When the Valor Ecclesiasticus was drawn up (1535), John Incent held the mastership. The gross annual value was returned at £79 13s. 7½d., and the clear value, after distribution of alms, etc., at £33 19s. 5½d., the latter sum being apparently the master's income.
Leland, who was at Portsmouth about 1539, says: 'There is also in the west south west part of the town a fair Hospitale sumtyme erected by Petrus de Rupibus, Bishop of Winchester, Whereyn were a late xij poore men and yet vj be yn it.' This last master of the Portsmouth hospital and of St. Cross, Winchester, is identical with John Incent, born at Berkhamstead in 1480, who became dean of St. Paul's in 1540. He took the degree of bachelor of laws at All Souls' College, Oxford, in 1507, and in 1513 was made commissary to Fox, Bishop of Winchester. He is best known as the founder of Berkhamstead Free Grammar School in 1541. (fn. 18)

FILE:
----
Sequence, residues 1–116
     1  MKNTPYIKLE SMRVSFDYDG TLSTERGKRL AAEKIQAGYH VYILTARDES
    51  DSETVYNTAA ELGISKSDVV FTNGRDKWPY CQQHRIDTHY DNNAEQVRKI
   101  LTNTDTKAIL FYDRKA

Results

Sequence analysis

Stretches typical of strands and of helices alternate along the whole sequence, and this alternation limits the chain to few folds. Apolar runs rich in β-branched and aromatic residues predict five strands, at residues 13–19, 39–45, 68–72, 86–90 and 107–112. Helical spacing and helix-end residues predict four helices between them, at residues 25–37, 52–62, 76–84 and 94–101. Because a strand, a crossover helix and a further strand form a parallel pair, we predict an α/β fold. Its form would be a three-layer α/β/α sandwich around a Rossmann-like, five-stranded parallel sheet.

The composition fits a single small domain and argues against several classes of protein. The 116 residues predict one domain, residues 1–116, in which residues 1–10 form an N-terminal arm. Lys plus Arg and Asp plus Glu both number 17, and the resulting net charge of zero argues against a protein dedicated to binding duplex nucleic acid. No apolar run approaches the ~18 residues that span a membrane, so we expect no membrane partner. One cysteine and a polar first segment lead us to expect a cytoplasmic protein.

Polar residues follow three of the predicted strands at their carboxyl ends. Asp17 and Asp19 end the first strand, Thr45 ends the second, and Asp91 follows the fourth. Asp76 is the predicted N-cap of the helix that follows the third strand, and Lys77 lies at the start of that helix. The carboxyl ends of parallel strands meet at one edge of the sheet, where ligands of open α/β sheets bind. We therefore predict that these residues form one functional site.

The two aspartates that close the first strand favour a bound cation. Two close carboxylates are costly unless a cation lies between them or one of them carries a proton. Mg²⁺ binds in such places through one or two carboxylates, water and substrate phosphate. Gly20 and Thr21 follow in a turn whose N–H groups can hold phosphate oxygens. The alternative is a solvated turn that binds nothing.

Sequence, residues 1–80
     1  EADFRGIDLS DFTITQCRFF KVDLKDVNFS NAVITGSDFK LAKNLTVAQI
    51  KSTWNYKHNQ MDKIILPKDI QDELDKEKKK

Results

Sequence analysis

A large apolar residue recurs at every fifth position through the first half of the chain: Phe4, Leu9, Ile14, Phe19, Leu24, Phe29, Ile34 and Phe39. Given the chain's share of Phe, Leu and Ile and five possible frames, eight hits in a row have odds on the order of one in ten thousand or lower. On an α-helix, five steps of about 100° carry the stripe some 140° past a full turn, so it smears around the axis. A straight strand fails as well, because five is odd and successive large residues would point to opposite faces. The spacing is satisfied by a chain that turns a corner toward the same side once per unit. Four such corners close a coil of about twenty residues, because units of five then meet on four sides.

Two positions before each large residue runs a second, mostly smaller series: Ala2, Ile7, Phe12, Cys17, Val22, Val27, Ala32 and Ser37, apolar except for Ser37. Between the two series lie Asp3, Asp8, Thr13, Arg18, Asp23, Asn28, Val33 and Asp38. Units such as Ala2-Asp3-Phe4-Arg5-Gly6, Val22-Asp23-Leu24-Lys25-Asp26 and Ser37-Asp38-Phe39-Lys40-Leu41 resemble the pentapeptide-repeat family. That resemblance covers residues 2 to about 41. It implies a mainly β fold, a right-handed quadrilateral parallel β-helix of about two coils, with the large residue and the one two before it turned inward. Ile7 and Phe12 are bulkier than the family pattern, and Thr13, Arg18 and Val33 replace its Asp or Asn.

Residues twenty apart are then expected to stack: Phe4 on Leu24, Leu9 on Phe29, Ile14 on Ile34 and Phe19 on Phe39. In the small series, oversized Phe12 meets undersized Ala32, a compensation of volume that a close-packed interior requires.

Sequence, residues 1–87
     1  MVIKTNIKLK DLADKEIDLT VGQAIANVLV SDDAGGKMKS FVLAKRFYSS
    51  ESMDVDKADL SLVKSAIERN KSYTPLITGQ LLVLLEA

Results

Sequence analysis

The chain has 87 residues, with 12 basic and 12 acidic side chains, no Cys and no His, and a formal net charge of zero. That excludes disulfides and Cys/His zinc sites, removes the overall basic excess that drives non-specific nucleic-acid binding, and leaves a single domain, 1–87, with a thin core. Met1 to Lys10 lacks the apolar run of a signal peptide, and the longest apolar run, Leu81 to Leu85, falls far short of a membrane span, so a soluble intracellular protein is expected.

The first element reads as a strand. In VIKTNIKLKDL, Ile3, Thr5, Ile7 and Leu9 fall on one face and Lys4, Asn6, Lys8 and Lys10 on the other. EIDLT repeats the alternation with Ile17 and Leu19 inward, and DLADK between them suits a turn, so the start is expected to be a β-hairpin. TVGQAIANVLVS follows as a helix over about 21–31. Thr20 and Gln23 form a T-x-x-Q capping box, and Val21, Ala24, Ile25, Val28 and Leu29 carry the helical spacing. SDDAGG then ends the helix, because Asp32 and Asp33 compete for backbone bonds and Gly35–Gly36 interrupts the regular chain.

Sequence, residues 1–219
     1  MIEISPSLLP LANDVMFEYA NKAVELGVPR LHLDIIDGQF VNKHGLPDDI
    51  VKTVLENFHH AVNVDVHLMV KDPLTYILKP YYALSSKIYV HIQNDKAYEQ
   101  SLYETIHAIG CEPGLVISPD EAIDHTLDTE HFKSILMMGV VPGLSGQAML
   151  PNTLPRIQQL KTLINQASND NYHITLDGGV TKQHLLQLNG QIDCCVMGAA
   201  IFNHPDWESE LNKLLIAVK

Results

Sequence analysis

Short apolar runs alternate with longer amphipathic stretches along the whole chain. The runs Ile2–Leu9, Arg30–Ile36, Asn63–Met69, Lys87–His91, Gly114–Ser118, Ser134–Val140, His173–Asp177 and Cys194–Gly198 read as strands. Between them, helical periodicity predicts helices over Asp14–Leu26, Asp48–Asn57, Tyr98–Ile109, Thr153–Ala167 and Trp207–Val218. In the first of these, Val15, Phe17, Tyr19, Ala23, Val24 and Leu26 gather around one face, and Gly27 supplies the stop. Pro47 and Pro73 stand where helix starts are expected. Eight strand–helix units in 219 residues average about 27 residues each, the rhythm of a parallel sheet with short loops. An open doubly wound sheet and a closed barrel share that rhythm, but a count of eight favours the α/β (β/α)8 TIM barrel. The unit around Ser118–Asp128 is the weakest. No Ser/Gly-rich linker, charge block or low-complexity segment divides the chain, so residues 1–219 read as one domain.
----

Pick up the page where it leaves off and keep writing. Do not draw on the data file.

This house was formally surrendered to the Crown by John Incent on 2 June, 1540. (fn. 19) The chapel was spared, being first used as a chapel royal attached to Government House, and afterwards converted into a garrison chapel.
Masters and Wardens of God's House, Portsmouth
Robert de Hartwedon or Harewedon, (fn. 20)
William de Harewedon, 1325
Thomas de Hatfield, (fn. 21) 1340
Edmund Arundel, 1342, 1348
John de Edingdon, nephew of the Bishop of Winchester, (fn. 22) 1348, 1350
Thomas de Edingdon, nephew of the Bishop of Winchester, resigned in 1366
Nicholas de Portsmouth, (fn. 23) 1366
John de Wormenhall, 1376
Richard de Wykeham, 1376-8
Nicholas de Wykeham, (fn. 24) 1378
John Stacy, king's clerk, (fn. 25) 1386
Thomas Kirkeby, 1461
William Elyot, (fn. 26) 1461
John Incent, 1535, 1540